Next week in Havana. The Museo Nacional de Bellas Artes opens Palimpsesto, the solo exhibition by José Manuel Fors, winner of the 2016 Cuban National Prize in Visual Arts. The opening will take place on Friday, December 22, at 4 p.m. in the museum’s Edificio de Arte Cubano.
And recommended reading. A special issue of Hazlink, a journal of contemporary Cuban art published by the Consejo Nacional de las Artes Visuales, is devoted to Fors. The issue features essays (in Spanish) by Cristina Vives, Corina Matamoros, and Isabel María Pérez Pérez. Download the PDF here.
Martínez in Havana. At the Centro de Arte Contemporáneo Wifredo Lam, Raúl Martínez: Allegreto Cantabile pays homage to the artist on the 90th anniversary of his birth. A collaboration between the Lam Center, the Consejo Nacional de las Artes Plásticas, and the Museo Nacional de Bellas Artes, the show traces the arc of Martínez’s creative development, from his early abstractions to his best known Pop Art works, later collages, and return to abstraction. Curated by Corina Matamoros, Gabriela Hernández, and Rossana Bouza. the show runs through January.
And Wifredo Lam. Also now on view at the Centro Wifredo Lam, an exhibition marking the 115th anniversary of its namesake. Wifredo Lam: Iluminado por dentro presents a small selection of photographs of the artist, who was born in 1902 in Sagua la Grande, Villa Clara, Cuba. On view through February 17.
Contino at Galería Habana. The end of last month saw the opening of Ariamna Contino: Deriva. The exhibition features the intricate cut-paper works that the artist is known for, as well as works like Escuchando en silencio, 2017, an installation made with piano wire and a small motor, and Juicio de valor, 2017, an installation of cut-paper and cement bas-reliefs. Through January 19.
Feal at Galería Servando. Curated by Abel González Fernández, Yo no hablo con fotógrafos brings recent photography by Leandro Feal to Galería de Arte Servando. The show runs through this month.
Weems at Bellas Artes. On November 29, the Museo Nacional de Bellas Artes hosted a presentation by noted North American artist Carrie Mae Weems. The winner of a MacArthur Foundation “genius” grant in 2013, Weems spoke about her work and the issues that animate it, such as racism, gender and sexism, class issues, and family relationships. She was introduced by MNBA director Jorge Fernández, who spoke of Weems’s art as a way of understanding our present moment through an exploration of our collective past. Among Weems’s well-known photographic series are The Kitchen Table Series, 1990, and Dreaming in Cuba, photographed on the island in 2001.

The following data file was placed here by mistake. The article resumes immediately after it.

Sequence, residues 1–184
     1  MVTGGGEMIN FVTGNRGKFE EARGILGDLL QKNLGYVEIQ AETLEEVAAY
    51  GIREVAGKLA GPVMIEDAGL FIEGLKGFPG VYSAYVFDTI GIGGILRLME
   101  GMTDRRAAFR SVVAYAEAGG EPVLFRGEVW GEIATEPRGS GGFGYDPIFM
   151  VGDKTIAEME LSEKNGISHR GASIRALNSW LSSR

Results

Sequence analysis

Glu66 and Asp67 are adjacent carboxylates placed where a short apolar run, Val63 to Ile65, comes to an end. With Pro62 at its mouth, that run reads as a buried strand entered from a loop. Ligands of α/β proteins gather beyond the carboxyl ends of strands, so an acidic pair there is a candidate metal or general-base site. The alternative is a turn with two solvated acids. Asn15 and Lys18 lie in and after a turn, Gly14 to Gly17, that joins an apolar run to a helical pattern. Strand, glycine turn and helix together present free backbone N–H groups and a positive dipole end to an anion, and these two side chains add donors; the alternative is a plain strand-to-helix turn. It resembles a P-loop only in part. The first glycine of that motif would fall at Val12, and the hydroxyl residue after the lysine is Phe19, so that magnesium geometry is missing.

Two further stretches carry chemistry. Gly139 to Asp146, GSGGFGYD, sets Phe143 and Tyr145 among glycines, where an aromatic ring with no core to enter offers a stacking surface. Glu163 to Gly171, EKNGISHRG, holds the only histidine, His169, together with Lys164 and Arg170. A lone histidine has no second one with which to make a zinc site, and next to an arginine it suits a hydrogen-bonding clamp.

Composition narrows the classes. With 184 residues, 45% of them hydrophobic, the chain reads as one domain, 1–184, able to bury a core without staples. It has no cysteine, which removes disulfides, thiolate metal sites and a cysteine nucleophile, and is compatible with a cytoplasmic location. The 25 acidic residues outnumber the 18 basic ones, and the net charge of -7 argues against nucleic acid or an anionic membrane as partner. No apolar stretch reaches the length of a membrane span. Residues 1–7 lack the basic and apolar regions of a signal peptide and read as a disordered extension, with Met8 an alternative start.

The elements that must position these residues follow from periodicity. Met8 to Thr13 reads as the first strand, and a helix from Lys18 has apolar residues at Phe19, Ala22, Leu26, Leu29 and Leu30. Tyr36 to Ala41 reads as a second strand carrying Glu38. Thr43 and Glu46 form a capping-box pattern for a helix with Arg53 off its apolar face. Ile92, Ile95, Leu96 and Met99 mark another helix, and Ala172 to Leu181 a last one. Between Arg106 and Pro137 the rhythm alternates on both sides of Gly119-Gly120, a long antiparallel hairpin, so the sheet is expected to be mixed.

Film Festival underway. This week, Havana is a city of moviegoers as the 39th International Festival of New Latin American Cinema is presented in more than a dozen movie houses around town. More than 400 films—three-quarters of them from Latin America—will be screened during the festival, which opened last Friday, December 8, and runs through this Saturday, December 17. Two Cuban productions are in competition for the fiction-film prize: Los buenos demonios (The good demons) by Gerardo Chijona, and Sergio y Serguéi by Ernesto Daranas. Also screening, the restored version of Lucia (Humberto Solás, 1968), that captivated audiences at the New York Film Festival this fall. The award ceremony takes place tomorrow evening, December 16, at the Cine Chaplin in Vedado.
Salón continues. The Salón de arte cubano contemporáneo, which launched in late October, continues its ambitious schedule of exhibitions and events. Next up: a presentation this afternoon by José Ángel Toirac about a 1989 exhibition by the art group ABTV, followed tomorrow by a marketing presentation by the fashion group Clandestina, and next week, an audiovisual performance by the group Axis and a presentation at the Centro de Desarrollo de las Artes Visuales (CDAV) by Yornel Martínez. Look for a Cuban Art News feature on the Salón in January.
Hdez-Güero in Colombia. In Síndrome de Proteus (Proteus Syndrome), Jesús Hdez-Güero takes an origami-like approach to collage, using it to create a series of hybrid images that question the historical narratives enshrined in classic photographic portraits. Presenting a selection of works from the series Coincidencias históricas (Historic Coincidences), 2015–2017, the exhibition runs through February 1 at the Fundación Espacio Interferencia in Santiago de Cali.